In 1794, the House amended its rules to include the stipulation that an official seal be used for “all writs, warrants, or subpoenas, issued by the order of House.” More than two centuries later, the Clerk of the House continues to impress the House Seal, whose use is protected by law, on the House’s official documents.
In the 18th century, when the House added this language to its rules, seals were important tools for authenticating documents. Impressed or adhered next to someone’s signature, it added a sense of security to official papers. Seals were more difficult to fake than handwriting, and they were almost impossible to remove without leaving evidence of the attempt. The process of affixing a seal permanently altered the document. Two metal parts of a seal press sandwiched a piece of paper, either the document itself or a small separate piece of fancier paper. A sharply carved or engraved piece, called the die or matrix, fit exactly with its convex image, the counter-die. Pressed together, they created a raised design in the paper’s fibers. Red wax or a pre-cut sealing wafer attached the embossed paper next to a document’s signature, often with a decorative silk ribbon beneath that. Removing any part of the package damaged the document, making it somewhat tamper-proof. The term “seal” might refer to the die that makes the impression, or to the impression itself.
The earliest-known design for the House Seal came into being in 1830. Engraver and amateur architect Robert Lanphier carved the oldest surviving die, for which the House paid him the considerable sum of $100. News reports called Lanphier’s work the “new Seal,” and records show that the House had an older die (the design of which is not known) sharpened and repaired just a few years before. Perhaps by 1830 it was beyond fixing. Seals did take a beating judging by the House’s supplies: in one year alone, the Clerk of the House used 260 pounds of sealing wax and 130 pounds of sealing wafers.
Lanphier’s 1830 die depicted the Capitol from the northeast, surrounded by 24 stars that corresponded to the number of states at the time. His engraving of the Capitol met with great success nationally. “For chasteness of design and skill and taste in its execution,” wrote one newspaper, “we have seen but few specimens of American art that can surpass it.” Lanphier based his design on popular prints of the Capitol widely available in the 1820s and carved it in steel, an expensive but durable choice.
When the design was complete, Maryland engraver Edward Stabler made a press for the new seal, sending Clerk of the House Matthew St. Clair Clarke (who had been struggling with the old press for eight years) into ecstasies of delight. “The Impression made is far better than that of any other Press I have ever seen,” he wrote to Stabler, “and being made on the paper itself is perfectly indelible.”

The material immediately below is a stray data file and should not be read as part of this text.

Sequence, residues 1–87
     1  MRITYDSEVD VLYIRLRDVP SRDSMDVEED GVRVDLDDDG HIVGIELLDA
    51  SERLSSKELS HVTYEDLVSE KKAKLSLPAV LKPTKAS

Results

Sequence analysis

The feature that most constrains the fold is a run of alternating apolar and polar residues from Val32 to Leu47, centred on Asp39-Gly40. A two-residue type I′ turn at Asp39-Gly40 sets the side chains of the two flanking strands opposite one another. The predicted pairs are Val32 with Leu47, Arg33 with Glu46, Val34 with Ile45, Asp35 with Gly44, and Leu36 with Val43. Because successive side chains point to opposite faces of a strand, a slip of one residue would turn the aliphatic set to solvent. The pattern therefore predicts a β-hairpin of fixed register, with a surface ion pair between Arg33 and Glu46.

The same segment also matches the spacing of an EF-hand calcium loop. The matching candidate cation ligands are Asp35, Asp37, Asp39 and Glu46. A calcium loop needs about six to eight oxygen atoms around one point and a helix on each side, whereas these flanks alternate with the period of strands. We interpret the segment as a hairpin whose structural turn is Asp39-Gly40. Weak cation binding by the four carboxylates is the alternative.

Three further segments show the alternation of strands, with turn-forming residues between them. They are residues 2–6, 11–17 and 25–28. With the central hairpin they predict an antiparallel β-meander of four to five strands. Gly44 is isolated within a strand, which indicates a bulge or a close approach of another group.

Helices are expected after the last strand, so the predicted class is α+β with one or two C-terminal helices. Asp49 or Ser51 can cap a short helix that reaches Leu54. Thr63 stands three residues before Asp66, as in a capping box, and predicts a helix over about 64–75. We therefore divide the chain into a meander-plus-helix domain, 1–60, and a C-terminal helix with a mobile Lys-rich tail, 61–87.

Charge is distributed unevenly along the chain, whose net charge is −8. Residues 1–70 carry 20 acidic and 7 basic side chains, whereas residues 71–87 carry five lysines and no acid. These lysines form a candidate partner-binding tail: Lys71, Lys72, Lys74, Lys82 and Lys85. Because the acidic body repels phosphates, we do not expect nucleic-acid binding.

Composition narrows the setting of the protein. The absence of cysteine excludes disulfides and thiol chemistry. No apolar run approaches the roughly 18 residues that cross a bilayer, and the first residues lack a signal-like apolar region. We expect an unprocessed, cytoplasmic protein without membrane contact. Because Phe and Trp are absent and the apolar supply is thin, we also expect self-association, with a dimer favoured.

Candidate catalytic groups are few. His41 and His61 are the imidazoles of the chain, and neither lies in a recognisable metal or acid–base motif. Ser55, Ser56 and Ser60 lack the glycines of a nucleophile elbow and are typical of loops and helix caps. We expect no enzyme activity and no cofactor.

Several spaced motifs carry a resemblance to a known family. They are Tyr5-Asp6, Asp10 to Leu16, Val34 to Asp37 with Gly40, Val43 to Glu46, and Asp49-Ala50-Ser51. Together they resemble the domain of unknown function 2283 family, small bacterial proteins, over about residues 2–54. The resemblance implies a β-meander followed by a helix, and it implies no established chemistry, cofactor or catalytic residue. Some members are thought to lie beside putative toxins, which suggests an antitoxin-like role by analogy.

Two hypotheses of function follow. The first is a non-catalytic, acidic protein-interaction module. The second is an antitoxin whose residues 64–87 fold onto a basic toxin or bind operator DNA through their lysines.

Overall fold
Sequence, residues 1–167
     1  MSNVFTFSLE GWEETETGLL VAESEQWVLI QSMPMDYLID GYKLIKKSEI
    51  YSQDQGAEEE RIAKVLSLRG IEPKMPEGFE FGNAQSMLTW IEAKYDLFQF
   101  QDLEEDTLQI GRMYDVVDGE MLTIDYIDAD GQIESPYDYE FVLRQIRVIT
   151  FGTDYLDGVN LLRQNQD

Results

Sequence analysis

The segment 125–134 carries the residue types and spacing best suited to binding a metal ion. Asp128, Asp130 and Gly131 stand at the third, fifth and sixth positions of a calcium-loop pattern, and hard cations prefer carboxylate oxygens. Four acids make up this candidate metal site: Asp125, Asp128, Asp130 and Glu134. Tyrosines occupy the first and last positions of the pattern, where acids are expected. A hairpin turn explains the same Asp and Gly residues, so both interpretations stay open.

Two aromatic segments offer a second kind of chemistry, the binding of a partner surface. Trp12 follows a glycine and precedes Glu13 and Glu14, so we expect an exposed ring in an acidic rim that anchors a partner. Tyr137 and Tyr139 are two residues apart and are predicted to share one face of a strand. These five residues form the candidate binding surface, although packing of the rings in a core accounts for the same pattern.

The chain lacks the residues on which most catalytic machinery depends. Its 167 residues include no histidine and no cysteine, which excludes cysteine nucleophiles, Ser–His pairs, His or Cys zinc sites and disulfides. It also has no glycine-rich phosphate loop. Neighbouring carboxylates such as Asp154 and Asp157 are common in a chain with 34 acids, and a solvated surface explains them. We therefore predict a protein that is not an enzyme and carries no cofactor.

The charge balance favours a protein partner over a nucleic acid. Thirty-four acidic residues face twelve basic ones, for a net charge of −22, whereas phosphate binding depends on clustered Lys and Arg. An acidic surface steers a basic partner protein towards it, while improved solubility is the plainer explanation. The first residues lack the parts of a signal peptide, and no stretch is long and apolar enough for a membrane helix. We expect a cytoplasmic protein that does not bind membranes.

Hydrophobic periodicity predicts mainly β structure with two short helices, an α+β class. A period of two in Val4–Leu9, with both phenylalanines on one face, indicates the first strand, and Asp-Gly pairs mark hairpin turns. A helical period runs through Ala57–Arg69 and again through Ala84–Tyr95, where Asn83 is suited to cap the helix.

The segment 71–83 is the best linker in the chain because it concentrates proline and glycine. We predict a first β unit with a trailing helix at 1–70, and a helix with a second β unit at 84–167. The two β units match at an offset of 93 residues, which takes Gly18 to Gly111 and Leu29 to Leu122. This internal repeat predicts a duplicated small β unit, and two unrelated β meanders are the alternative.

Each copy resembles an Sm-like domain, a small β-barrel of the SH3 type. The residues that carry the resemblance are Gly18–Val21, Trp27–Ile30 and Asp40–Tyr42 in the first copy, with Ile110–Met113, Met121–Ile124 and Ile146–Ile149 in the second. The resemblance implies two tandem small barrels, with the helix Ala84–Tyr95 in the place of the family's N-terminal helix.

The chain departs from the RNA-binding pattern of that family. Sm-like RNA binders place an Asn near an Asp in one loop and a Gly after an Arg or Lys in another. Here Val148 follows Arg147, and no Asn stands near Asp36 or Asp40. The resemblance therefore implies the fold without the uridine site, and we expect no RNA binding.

By 1912, however, years of heavy use deteriorated even the hardest steel, and the image of the Capitol Lanphier engraved was no longer accurate. Since the 1860s, the Capitol’s extensions and larger dome gave the building a very different profile. Representative John Floyd of Arkansas noted the seal was “so worn as to make impressions taken therefrom almost illegible” and introduced a resolution directing the Clerk to commission a new one. Oddly, the resolution updated the number of stars to reflect the 48 states in the Union but used the old view of the Capitol.
A half century later, the House Seal needed replacement again. No longer needed to secure papers, the House Seal continued to authenticate House documents. In 1963, the House directed creation of a new seal with 50 stars and a depiction of the Capitol “as it currently appears” from the vantage of the House side of the building. This design’s use has continued into the 21st century on official documents.
Another emblem, based on a different seal, is also commonly seen in the House. In the 20th century, the design of the Great Seal of the United States also gained familiarity as an unofficial congressional insignia. The earliest House Collection example, showing an eagle spreading its wings beneath thirteen stars and clutching arrows and olive branches in fierce talons, dates from 1929 and appeared on tickets for visitors who came to see British Prime Minister Ramsay MacDonald address the House. In the 1960s, the national seal became especially popular on large plaques and signs, modified with the words “U.S. House of Representatives” or “Member of Congress” circling the design and giving the appearance of an official seal of Congress. Today, the eagle design appears on websites, mousepads, stationery, and newsletters. But the House Seal, kept in the custody of the Clerk of the House, remains the only official imprimatur of the institution.
Collection of the U.S. House of Representatives
Sources: H. Res. 586, 62nd Cong., 2nd sess. (1912); H.Res. 560, 88th Cong., 1st sess. (1963); Philadelphia Inquirer (Philadelphia, PA), 30 October 1830; National Archives, “Holding It Together: Before Passwords—Ribbons and Seals for Document Security,” 14 October 2021, https://prologue.blogs.archives.gov/2021/10/14/holding-it-together-before-passwords-ribbons-and-seals-for-document-security/.Follow @USHouseHistory